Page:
The stability of a 9 – 5 corporate work day is fading away, as many entrepreneurs know.
Many people are entering the “freelance workforce,” leaving the predictability of a regular paycheck behind. Although this arrangement brings freedoms, it may make things more complicated during tax season.
This culture shift inspired serial entrepreneur and software developer Lance Windholz to launch Miles, a tracking application that makes it easier for on-the-go workers to log their mileage.
“Nobody wants to sit down and deal with mileage, and that’s why I built it,” Windholz said. “Milage sucks, nobody wants to do it. I asked myself, ‘How can we take something that sucks and make it so easy that it really is no big deal anymore?’ That’s the goal.”
Windholz said that he expects the IRS to become more strict in the coming years with scrutinizing mileage reports. He added that tracking your miles is essential for any entrepreneur hoping to avoid an audit.
“Instead of 30 percent of the population (the freelance workforce) tracking their work miles and trying to leverage that expense, that number is going to go up to 60 and 70 percent,” Windholz said. “It’s going to flip. A lot of attorneys are saying the first thing they look for is whether or not you’ve kept a mileage book.”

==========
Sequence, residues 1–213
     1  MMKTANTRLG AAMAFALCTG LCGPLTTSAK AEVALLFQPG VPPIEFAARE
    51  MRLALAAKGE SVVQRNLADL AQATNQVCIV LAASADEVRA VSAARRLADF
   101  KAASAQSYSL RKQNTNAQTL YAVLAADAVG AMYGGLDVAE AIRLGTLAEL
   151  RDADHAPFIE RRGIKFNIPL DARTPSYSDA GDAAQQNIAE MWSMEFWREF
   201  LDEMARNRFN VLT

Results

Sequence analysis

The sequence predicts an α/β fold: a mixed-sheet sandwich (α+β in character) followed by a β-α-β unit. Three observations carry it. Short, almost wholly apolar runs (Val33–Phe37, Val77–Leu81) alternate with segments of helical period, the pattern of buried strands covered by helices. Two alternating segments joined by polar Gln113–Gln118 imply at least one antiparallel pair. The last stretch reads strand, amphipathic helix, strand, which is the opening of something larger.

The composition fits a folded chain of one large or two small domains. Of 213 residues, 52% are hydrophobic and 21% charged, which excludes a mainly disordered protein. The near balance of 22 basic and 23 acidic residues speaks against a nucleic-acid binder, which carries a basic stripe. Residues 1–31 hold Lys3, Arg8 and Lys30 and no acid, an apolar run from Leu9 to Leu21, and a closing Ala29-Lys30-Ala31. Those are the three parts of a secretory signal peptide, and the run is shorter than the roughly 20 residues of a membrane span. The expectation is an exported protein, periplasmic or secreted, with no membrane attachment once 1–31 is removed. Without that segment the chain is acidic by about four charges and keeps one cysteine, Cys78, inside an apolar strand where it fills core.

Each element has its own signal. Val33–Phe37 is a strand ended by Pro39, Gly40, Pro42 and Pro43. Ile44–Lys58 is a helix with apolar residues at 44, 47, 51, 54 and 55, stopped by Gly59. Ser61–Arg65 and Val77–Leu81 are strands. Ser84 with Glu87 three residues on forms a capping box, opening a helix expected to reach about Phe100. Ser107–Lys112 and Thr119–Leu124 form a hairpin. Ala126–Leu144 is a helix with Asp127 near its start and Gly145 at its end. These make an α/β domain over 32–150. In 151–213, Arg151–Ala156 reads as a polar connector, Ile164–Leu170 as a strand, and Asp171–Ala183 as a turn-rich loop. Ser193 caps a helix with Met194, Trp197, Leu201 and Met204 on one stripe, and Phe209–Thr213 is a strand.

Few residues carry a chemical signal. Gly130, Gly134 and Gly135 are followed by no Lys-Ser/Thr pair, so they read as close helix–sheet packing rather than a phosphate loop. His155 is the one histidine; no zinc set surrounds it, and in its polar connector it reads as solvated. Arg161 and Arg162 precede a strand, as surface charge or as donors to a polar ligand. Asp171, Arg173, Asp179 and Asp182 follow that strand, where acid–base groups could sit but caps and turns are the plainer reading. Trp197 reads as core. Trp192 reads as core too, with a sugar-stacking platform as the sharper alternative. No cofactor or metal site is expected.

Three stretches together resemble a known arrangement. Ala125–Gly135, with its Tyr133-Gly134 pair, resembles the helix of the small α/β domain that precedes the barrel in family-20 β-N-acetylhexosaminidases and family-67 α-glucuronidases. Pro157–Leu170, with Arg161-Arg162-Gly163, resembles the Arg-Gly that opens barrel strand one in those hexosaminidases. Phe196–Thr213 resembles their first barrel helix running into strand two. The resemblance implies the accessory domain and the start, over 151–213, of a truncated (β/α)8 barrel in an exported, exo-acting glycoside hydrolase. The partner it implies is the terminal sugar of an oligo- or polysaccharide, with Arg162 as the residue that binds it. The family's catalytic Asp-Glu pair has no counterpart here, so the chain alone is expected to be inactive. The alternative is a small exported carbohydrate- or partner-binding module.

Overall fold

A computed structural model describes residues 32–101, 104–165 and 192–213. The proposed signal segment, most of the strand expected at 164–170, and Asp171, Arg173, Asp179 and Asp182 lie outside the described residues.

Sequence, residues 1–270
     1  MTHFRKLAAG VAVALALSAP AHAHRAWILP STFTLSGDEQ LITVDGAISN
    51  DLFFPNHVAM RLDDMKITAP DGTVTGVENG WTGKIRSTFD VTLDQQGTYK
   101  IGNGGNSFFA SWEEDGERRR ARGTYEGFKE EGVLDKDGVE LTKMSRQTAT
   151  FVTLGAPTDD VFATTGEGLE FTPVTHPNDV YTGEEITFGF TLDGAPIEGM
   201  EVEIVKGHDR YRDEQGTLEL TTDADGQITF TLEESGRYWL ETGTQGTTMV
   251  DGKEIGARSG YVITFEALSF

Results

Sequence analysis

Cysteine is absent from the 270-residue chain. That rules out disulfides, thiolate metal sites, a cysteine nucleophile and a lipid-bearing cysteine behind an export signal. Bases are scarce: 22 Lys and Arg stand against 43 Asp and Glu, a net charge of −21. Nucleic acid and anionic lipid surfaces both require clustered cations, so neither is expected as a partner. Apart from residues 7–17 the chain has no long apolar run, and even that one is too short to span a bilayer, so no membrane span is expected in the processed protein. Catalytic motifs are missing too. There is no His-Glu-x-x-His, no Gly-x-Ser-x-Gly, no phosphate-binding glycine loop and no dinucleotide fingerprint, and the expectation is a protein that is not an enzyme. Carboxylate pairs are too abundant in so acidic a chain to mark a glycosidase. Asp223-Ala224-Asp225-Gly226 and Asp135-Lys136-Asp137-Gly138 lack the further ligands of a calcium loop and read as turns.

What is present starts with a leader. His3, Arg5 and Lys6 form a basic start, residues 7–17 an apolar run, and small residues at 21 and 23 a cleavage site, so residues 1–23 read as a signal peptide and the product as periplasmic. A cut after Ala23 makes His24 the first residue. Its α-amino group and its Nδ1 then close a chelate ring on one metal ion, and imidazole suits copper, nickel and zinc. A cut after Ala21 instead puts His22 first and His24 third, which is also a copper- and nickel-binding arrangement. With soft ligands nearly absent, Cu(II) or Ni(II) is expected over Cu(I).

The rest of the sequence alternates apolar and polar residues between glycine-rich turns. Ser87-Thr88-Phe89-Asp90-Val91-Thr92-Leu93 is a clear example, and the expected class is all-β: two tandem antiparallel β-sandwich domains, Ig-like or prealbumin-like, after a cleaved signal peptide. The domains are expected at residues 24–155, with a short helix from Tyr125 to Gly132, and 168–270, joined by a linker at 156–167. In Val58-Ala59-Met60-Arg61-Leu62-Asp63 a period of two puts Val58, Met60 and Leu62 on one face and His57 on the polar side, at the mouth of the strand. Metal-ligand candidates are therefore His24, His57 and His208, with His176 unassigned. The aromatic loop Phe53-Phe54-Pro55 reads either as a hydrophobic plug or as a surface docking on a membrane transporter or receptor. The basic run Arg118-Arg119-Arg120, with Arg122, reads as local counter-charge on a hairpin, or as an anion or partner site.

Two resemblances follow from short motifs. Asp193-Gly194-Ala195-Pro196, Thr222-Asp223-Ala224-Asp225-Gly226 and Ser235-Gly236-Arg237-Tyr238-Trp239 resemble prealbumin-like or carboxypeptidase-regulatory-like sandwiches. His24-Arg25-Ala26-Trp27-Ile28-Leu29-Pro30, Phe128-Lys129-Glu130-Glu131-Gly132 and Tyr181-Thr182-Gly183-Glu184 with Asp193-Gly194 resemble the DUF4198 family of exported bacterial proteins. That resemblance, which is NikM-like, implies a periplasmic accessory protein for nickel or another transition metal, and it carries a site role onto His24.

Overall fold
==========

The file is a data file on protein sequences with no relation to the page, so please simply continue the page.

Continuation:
Before the launch of Miles in March 2016, there weren’t any solid tracking options on the market, Windholz said. Recognizing the necessity, Windholz built Miles on the side of his day job as the general manager of BlackOps Development.
“I wanted the app for my own personal use,” Windholz said. “I figured since I have the knowledge, resources and the know how to build, I might as well go ahead and build it.”
Here’s how it works. As you drive around, trips are generated via GPS. From there, the user categorizes the trip as personal or business and then downloads the report to share.
Miles recently announced its acceptance to Pinsight Media’s Rollout program. To generate revenue, Pinsight will integrate its advertising platform and Miles will offer premium services that users can purchase. For $4.99, users may opt in to premium services: including automatic workdays, and accounting integration via Freshbooks, Quickbooks Concur or Xero Sync.
“What we were seeing is that anytime you put that pay wall barrier in front, you have a lower adoption rate,” Windholz said. “People just are a little hesitant to pay.”
Within the next two months, Miles will release an updated version that’s available on iOS and Android devices. By the end of 2017, Windholz hopes to garner 100,000 users — 10 percent of those being premium subscribers.
To achieve this, Windholz is proactively looking for business partners; specifically accountants and realtors, or any company with a team of people traveling. Miles has entered a partnership with one small corporation, which agreed to onboard their entire team for a discounted price. Windholz plans to replicate this with other organizations.